Sarah Shourd Back in the Bay Area

"My life will not resume until Shane and Josh are with me."

Saturday, Oct 9, 2010  |  Updated 9:00 PM PDT
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"Sing Louder. We Want to Hear You"

NBC Bay Area

Sarah Shourd says she spends her days on the computer and phone, trying to be a voice for her fellow Cal grads Shane Bauer and Josh Fattal.

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A Cal grad recently freed by Iran said Saturday she is still haunted by images of her friend and fiance in their cramped jail cells and won't have her life back until they have been released.

Sarah Shourd spoke at a gathering of friends and family in Oakland, where she appealed to Iranian officials to show compassion and release her fiance, Shane Bauer, and friend, Josh Fattal.

"I'm not free," she said, as she choked up with tears. "My life will not resume until Shane and Josh are with me."

Shourd reflected on her time at the Iranian jail after the event. She said she spends her days on the computer and phone, trying to be a voice for Bauer and Fattal. She says she won't rest until they are released.

"When I used to sit with Shane and Josh in the courtyard, they would ask me to sing for them and I sang many songs." Shourd told us, "Shane and Josh used to tell me, 'Sing louder. We want to hear you. We want you to sing as loud as you can possibly sing.' And that voice is still echoing in my mind. Shane and Josh asking me to speak louder to shout out, cry out for them and cry out for their freedom."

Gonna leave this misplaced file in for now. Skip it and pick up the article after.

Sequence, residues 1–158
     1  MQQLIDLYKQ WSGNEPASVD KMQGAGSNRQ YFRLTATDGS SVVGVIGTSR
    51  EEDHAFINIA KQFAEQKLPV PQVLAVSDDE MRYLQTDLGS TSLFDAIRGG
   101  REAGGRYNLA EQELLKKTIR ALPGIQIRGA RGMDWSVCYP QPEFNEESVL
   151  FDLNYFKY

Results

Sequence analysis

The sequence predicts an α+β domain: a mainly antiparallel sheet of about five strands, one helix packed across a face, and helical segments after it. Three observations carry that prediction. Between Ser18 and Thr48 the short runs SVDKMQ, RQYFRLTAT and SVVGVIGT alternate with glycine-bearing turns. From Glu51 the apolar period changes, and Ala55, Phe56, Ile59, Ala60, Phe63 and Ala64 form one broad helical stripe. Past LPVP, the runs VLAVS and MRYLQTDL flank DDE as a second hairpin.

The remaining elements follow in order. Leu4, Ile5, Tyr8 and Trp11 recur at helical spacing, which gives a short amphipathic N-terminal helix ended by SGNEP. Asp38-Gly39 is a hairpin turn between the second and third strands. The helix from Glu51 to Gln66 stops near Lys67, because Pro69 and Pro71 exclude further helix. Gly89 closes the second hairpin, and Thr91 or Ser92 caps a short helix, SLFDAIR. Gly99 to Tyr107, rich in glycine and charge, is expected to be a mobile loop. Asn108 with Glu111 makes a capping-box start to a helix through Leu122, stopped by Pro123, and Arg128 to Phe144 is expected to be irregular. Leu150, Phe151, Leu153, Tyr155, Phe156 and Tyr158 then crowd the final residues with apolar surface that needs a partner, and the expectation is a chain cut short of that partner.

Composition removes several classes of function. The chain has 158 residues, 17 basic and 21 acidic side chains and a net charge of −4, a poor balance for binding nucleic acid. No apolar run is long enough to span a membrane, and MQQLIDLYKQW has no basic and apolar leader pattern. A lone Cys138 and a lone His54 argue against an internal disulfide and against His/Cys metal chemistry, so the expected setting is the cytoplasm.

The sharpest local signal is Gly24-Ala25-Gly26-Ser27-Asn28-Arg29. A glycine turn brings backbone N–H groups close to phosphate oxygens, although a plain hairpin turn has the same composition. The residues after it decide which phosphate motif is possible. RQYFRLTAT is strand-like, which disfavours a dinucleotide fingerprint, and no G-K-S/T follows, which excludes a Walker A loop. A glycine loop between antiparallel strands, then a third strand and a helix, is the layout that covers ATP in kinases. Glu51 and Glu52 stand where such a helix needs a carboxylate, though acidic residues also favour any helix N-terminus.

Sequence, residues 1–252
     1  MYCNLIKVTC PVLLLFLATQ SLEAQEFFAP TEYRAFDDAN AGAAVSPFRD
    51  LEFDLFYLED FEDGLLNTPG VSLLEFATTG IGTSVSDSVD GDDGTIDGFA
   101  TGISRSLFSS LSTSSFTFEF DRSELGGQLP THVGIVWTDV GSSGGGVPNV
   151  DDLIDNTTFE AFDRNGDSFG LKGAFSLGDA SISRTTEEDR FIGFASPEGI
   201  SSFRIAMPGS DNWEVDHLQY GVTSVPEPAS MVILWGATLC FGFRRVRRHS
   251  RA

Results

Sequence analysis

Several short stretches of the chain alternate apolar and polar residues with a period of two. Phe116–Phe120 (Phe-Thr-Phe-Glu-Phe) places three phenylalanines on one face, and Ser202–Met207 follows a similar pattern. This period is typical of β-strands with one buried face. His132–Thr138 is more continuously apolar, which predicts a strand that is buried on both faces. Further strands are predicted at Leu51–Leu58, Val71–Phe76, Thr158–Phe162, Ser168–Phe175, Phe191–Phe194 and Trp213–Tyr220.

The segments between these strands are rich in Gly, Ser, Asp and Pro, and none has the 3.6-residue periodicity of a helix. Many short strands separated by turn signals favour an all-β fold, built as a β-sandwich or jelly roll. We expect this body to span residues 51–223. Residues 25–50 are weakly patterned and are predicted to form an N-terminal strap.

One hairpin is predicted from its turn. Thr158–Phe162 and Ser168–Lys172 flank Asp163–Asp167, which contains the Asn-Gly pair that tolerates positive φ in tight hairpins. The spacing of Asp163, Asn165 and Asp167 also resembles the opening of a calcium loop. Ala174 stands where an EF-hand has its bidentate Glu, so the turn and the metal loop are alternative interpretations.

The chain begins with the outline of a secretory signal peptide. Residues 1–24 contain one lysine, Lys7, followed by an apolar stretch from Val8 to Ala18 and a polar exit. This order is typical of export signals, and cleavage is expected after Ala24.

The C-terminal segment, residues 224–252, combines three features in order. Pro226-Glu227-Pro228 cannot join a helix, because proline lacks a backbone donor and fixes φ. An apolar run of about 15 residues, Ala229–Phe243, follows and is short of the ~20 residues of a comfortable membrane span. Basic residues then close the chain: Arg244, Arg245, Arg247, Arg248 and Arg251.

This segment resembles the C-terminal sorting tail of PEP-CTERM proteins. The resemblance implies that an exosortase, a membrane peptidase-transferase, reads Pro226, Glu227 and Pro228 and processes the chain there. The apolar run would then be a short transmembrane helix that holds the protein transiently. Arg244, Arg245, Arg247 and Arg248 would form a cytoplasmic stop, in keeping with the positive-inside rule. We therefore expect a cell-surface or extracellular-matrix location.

The three University of California, Berkeley graduates were near the Iran-Iraq border in July 2009 when they were detained by Iranian authorities. They were accused of illegally crossing the border and spying.

Shourd, who was freed on Sept. 14, has denied Iran's allegations and says the three were just hiking through a scenic area of Iraq's northern Kurdistan region during a vacation. She said again Saturday that like her, Fattal and Bauer are innocent.

"They've done nothing wrong and don't deserve to be there for a second longer than I was."

Shourd, 32, said she had no updates on efforts to release Fattal and Bauer and did not know how they were faring.

The U.S. State Department has said a delegation from Oman, an ally of Iran and the United States who mediated Shourd's release, has visited Iran to try to secure the freedom of Bauer and Fattal.

"I send them letters everyday, I won't know if they'll receive them," Shourd said. "I pray for a phone call, but I don't know if I'll ever get one, and I won't know until the day they are released."

About a dozen friends of Fattal, Shourd and Bauer were at the home of a friend of Shourd's in Oakland writing letters to Fattal and Bauer. Shourd grew up in Los Angeles, but her mother, Nora, lives in Oakland.

Iran's president has said Shourd was released because of her health issues. She had a breast lump and precancerous cervical cells, according to her mother. Shourd said she has been examined by doctors and does not have cancer, but has been told she needs to be monitored.

Shourd and Bauer had been living together in Damascus, Syria, where Bauer was working as a freelance journalist and Shourd as an English teacher. Fattal, an environmental activist, went to visit them last July. Shourd and Bauer became engaged to be married while jailed in Iran. Bauer is said to have given Shourd a ring he made from string and cloth from a T-shirt.

Bauer is a native of Onamia, Minnesota, and Fattal grew up in Pennsylvania.

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